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Help your pets beat the heat

This heat wave facing northern BC may seem nice to some people but could be dangerous for your pets.

Temperatures are expected to reach the low 30s this week meaning heatstroke and heat exhaustion should be something to watch for. These can cause multiorgan dysfunction, like kidney or respiratory failure, which in some cases could be fatal.

Dr. Sara VanderKraan, a veterinarian with the Prince George Veterinary Hospital, says while this is a concern for most of our furry friends, there are a few dog breeds that are most at risk.

“Bulldogs, pugs, Pekingese, [boston terriers], all their little pushed in noses, unfortunately, don’t make them very good at cooling in hotter weather.”

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Things to watch for include environmental heat and places with high humidity says Dr. VanderKraan, as well as keeping your animals out of confined spaces without shade, and especially vehicles. Obese animals and ones with medical conditions such as seizure disorders can also be factors for heatstroke.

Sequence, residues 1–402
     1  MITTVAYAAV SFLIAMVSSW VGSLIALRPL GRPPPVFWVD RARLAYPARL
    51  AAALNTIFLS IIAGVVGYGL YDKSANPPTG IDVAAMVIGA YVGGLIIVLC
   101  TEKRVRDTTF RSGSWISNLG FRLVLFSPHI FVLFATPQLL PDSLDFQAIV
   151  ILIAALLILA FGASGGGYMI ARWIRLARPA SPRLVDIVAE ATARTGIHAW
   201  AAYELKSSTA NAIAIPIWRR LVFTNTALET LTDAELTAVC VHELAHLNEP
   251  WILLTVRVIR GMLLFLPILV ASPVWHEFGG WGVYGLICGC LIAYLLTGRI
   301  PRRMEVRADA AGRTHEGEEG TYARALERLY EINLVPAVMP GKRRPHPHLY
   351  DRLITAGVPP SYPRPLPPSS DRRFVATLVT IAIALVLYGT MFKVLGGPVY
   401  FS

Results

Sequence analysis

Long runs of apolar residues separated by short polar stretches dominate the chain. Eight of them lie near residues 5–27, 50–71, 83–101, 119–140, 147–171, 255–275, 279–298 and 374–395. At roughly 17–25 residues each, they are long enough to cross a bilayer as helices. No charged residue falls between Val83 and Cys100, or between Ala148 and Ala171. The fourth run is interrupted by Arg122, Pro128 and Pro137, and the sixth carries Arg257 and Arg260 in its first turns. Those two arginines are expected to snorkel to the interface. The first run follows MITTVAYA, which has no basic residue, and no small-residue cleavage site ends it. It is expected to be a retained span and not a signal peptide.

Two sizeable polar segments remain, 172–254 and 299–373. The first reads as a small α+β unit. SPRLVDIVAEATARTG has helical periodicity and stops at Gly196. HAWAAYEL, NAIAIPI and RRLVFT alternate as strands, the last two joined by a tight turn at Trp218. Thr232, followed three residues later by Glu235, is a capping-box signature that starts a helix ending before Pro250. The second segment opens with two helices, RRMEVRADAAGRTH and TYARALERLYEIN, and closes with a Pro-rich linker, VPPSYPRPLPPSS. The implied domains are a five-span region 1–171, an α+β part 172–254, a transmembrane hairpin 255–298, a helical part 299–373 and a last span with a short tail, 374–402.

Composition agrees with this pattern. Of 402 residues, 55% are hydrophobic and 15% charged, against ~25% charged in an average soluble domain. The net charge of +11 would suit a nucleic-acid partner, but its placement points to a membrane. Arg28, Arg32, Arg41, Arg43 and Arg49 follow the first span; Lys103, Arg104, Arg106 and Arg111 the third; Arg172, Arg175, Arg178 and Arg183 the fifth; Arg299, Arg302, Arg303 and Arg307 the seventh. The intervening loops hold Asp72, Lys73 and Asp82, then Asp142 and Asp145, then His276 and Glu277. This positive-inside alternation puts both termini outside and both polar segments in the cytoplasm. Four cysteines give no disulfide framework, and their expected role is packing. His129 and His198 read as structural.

So how can you prevent it?

“Always having a cool place for your animal to go is very important, even your outdoor animals should always have a shady, cool area to go to and making sure that they have access to cool water at all times.

“If you do see the clinical signs that your animal is in distress due to heat, so that can be panting excessively, being quite restless, drooling, sometimes unstable on their feet, if you are concerned there is heat stress happening to your pet you should bring them into a vet hospital.”

In the meantime, Dr. VanderKraan recommends putting cool water over your pet, not ice water as it can worsen their ability to get rid of heat. Other cooldown strategies are soaking your pet with a cool towel without wrapping them in it since it could keep heat in, target the feet because that is where dogs sweat, and make water available but do not force them to drink.

Stopping the progression of heatstroke is important but Dr. VanderKraan warns the damage could already be done so if there are any concerns she says to take them to the vet.

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